Walrus

Walrus, Odobenidae, Odobenus, Tusks

When travellers arrive on their polar vacations expecting to find a myriad different creatures, one of the animals that necessarily makes the’top three’ list is the Walrus – and though it may seem difficult to believe without seeing these impressive animals in the flesh, there are plenty of reasons for this high regard. The Walrus is a fascinating creature in its own physical appearance, customs, and even in the way it became an integral force in the mythology and culture of the surrounding communities, who hunted the walrus for its meat, fat, tusks, and bone. Visitors hoping to catch a glimpse of these animals will be well rewarded – after all, with their size, they are pretty difficult to miss!

Undoubtedly one of the most fascinating qualities you’ll notice about the Walrus during your polar vacations is the giant creatures’ tusks. Believe it or not, these elongated canines can attain lengths of up to one metre in both males and females – even though you may not be able to get close enough to measure them from tip to gum! The tusks are usually larger among men, where they’re used for fighting and dominance displays. No matter the sex of Walrus, though, their tusks come in handy in their everyday life – like to help make holes in ice, or to aid in dragging prey from the sea and onto a solid surface.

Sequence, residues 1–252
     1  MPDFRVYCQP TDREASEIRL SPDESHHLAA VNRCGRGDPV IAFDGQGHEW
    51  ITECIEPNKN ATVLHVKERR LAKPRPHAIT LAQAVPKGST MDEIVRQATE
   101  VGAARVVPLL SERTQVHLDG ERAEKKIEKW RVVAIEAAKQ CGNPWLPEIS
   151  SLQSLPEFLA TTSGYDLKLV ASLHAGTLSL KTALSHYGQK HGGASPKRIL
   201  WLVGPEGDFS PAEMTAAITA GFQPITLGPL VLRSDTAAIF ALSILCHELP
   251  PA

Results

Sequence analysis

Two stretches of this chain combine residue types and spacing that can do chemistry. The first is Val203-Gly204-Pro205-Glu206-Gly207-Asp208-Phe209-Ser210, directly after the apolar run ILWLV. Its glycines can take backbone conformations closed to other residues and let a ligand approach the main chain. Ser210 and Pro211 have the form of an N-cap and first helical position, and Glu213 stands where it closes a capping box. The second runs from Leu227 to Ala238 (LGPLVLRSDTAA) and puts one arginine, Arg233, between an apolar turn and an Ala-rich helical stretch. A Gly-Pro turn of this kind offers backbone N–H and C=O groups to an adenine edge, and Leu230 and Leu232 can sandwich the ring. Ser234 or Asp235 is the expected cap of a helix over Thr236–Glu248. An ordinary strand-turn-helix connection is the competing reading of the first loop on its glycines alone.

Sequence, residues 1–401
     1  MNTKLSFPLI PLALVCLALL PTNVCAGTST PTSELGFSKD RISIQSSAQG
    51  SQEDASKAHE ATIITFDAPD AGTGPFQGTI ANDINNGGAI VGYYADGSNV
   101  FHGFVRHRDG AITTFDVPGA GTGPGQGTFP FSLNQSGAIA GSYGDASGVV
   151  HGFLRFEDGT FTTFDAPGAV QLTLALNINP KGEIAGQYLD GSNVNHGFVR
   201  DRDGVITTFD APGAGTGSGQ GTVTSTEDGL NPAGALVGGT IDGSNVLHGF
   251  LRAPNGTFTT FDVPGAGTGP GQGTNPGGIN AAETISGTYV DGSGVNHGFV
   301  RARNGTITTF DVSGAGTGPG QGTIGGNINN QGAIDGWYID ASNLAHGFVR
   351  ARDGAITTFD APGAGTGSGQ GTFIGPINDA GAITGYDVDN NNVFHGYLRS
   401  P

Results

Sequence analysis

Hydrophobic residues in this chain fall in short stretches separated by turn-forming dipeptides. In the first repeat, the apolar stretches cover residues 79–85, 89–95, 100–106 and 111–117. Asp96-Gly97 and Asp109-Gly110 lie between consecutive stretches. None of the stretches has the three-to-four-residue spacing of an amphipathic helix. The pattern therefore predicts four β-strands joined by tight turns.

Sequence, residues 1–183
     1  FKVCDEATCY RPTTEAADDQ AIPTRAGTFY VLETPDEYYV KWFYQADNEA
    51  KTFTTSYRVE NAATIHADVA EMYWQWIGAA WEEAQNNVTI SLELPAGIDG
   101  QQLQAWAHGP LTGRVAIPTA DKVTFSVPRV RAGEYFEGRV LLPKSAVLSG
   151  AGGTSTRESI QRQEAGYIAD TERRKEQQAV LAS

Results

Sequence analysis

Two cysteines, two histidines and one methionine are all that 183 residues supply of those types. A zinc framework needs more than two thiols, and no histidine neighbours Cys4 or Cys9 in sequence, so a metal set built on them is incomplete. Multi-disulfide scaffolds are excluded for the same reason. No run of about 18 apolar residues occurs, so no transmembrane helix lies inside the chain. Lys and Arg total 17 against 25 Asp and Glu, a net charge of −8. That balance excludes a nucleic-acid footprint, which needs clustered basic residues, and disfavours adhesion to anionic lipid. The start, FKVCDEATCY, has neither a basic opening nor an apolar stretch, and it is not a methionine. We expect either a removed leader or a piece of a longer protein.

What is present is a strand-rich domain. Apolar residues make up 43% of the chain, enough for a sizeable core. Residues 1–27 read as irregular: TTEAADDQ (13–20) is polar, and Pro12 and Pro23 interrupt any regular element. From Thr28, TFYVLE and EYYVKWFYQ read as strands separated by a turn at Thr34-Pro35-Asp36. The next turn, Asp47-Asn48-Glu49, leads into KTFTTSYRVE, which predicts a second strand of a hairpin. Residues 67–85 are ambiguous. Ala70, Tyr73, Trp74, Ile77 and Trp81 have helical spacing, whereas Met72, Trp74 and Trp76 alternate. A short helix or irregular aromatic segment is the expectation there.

Predators and Prey

Due to its great bulk and intimidating tusks, the Walrus enjoys a life of relative safety from predators. It only needs to worry about two creatures hungry for a Walrus snack – the Orca, and the Polar Bear. Fortunately, however, the Walrus isn’t a large portion of predator’s diet, meaning there are always plenty around to see on your polar holidays.

The Walrus features prominently in the faith and folklore of many Arctic communities. In one version of the folktale’Myth of the Raven’ (where Raven recovers the stolen sun and moon from a spirit by seducing his daughter), the father hurls the daughter from a high cliff in retribution, and as she plummets into the water she transformed to the first Walrus. According to legend, the tusks were originally formed from the tears of the weeping girl. However, the Walrus has also featured in more modern stories across the world – those two distinctive tusks making them an instantly familiar creature, whether on polar holidays or in the pages of an illustrated children’s book. One of the most significant examples is from Lewis Carrol’s poem,’The Walrus and the Carpenter’, which appeared in his seminal’Through the Looking-Glass’, in 1871.

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